The Dreamers

The Dreamers

A Novel

Book - 2019 | First edition
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One night in an isolated college town in the hills of Southern California, a first-year student stumbles into her dorm room, falls asleep, and doesn't wake up. She sleeps through the morning, into the evening. Her roommate, Mei, cannot rouse her. Neither can the paramedics, nor the perplexed doctors at the hospital. When a second girl falls asleep, and then a third, Mei finds herself thrust together with an eccentric classmate as panic takes hold of the college and spreads to the town. A young couple tries to protect their newborn baby as the once-quiet streets descend into chaos. Two sisters turn to each other for comfort as their survivalist father prepares for disaster. Those affected by the illness, doctors discover, are displaying unusual levels of brain activity, higher than has ever been recorded before. They are dreaming heightened dreams, but of what? Written in luminous prose, The Dreamers is a breathtaking and beautiful novel, startling and provocative, about the possibilities contained within a human life, if only we are awakened to them.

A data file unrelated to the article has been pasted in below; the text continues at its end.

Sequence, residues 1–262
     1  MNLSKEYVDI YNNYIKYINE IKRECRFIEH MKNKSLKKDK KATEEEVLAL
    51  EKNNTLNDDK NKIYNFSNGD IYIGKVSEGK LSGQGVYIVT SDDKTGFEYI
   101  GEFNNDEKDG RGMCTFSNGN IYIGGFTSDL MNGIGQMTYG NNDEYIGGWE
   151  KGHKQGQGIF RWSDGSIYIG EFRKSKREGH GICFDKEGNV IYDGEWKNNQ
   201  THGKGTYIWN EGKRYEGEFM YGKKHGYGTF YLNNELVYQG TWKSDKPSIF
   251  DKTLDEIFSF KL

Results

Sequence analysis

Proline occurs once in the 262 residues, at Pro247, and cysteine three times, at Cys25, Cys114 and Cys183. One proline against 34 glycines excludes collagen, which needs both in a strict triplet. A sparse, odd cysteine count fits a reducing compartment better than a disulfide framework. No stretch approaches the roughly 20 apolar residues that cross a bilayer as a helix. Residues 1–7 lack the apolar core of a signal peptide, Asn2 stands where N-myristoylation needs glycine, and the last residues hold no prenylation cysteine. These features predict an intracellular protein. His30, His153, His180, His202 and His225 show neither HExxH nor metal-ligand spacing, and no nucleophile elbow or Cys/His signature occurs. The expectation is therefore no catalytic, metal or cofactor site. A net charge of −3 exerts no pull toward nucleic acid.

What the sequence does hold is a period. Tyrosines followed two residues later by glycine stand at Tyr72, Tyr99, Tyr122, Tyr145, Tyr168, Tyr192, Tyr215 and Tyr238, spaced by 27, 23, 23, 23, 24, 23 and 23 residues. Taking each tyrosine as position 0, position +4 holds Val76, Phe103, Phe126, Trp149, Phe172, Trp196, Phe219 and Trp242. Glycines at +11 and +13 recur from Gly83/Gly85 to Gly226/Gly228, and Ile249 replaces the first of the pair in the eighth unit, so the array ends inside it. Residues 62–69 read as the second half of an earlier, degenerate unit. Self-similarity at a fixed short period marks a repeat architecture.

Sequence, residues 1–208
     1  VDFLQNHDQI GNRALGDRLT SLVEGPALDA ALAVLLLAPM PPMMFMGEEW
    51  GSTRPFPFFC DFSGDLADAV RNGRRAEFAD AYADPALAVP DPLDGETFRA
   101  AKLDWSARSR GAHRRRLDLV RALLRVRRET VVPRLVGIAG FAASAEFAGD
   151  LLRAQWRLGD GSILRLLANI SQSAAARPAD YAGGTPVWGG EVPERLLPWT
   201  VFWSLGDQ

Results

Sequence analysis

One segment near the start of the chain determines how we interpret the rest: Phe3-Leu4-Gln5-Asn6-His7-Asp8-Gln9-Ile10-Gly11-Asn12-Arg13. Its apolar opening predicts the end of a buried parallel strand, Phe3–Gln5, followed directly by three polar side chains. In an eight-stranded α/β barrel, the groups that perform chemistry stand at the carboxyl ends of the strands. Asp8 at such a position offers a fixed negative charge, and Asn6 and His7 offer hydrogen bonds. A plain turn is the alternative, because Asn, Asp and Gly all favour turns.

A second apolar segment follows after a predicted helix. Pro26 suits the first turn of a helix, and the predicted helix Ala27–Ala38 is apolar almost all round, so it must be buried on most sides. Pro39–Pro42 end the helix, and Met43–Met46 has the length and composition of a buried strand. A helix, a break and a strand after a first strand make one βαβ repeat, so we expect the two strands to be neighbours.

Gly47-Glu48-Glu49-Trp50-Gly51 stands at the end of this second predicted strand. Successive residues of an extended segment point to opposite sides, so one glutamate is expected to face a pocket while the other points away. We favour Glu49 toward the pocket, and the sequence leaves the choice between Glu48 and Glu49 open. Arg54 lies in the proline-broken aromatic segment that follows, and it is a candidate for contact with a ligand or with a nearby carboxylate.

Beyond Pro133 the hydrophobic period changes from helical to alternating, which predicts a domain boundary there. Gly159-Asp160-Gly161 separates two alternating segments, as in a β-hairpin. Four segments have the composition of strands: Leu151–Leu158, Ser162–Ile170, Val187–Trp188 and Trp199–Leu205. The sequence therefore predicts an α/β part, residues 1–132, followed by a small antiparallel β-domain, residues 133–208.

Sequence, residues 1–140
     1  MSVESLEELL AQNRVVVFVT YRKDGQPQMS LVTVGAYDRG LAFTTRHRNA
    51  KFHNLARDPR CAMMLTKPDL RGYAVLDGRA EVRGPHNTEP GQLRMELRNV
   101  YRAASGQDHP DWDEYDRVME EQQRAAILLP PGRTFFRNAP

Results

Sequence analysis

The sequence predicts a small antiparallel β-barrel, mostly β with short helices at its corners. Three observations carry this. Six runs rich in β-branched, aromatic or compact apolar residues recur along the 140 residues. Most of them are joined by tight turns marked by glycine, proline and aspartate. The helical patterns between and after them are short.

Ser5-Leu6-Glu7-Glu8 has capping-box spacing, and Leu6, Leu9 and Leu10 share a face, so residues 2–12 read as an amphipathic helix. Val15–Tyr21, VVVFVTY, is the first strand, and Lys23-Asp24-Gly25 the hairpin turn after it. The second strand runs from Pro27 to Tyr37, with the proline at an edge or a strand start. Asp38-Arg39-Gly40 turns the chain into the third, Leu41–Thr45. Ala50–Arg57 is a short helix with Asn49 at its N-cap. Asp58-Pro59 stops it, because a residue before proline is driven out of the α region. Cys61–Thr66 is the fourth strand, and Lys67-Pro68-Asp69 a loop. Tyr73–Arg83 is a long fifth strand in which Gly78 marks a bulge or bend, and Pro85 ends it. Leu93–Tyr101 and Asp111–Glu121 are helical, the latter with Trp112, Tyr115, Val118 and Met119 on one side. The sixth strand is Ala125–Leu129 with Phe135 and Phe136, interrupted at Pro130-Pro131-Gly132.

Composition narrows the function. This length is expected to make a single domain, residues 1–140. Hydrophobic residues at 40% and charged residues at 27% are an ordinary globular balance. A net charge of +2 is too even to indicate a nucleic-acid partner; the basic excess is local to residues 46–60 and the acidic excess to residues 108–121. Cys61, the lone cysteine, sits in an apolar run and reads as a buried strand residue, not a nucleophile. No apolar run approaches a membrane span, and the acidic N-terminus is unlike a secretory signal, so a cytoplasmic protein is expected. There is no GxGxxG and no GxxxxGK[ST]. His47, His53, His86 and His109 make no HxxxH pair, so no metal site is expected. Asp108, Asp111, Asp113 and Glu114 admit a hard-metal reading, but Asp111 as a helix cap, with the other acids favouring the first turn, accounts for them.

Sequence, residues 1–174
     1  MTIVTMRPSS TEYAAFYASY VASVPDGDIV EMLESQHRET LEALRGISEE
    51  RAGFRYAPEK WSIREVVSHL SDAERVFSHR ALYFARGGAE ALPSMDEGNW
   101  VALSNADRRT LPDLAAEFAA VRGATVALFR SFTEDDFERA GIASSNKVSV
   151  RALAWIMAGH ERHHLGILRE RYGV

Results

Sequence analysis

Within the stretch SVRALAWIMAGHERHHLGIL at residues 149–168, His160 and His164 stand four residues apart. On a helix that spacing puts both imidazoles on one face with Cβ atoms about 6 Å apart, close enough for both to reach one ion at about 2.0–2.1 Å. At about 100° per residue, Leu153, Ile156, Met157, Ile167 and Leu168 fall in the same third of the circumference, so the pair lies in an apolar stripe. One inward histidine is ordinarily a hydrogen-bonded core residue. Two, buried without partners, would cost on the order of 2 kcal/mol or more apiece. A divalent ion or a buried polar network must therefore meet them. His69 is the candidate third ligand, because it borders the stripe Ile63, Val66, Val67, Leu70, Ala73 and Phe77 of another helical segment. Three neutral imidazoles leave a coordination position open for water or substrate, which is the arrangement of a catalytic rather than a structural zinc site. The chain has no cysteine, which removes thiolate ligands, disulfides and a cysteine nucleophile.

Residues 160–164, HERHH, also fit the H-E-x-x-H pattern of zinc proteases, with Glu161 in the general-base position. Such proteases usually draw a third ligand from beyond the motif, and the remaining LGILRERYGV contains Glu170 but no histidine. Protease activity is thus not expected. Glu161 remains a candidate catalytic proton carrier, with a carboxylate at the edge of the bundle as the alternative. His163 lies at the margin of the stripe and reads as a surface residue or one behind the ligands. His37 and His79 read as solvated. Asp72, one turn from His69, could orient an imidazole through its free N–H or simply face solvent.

Publisher: New York : Random House, [2019]
Edition: First edition
Copyright Date: ©2019
ISBN: 9780812994162
0812994167
Characteristics: 303 pages ; 25 cm

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EljayJohnson
Jul 06, 2019

I loved Walker's Age of Miracles, and this didn't quite match that, but was quite good nevertheless. While well written and compelling, it slightly lacked emotional entry for me.

In a small college town in California, a student falls asleep and can't be awakened. Then another succumbs, then a dozen more, then hundreds of the town's residents are asleep for days, weeks, months. And all of these sleepers are dreaming - vivid, otherwordly, relentless dreams. We follow the lives and reactions of several left awake: Mei, the quiet roommate of the first victim; a pair of college profs and their newborn; two little girls virtually orphaned when their off-the-grid, survivalist father falls, etc. Walker's genius is her matter-of-fact approach as these people react to and try to live in their new reality. What becomes important and what falls to the wayside? In writing what is clearly a metaphor for a number of issues confronting us today, Walker gives us this best line when one of the few victims awakens: '"You've been unconscious for four days," a psychiatrist tells him, to which comes his devastating reply, "It's been a lot longer than that."'

JessicaGma Jul 04, 2019

A variation on a theme for post apocalyptic tales - not as dramatic as one would be if many people died, but sort of realistic as only so many were affected, and the end was a bit balloon losing its air (pfffftttt and done). I prefer "Station Nine" or even the recent "The Book of M" for a more creepy, ongoing story with more fleshed out characters.

e
engurney
Jun 17, 2019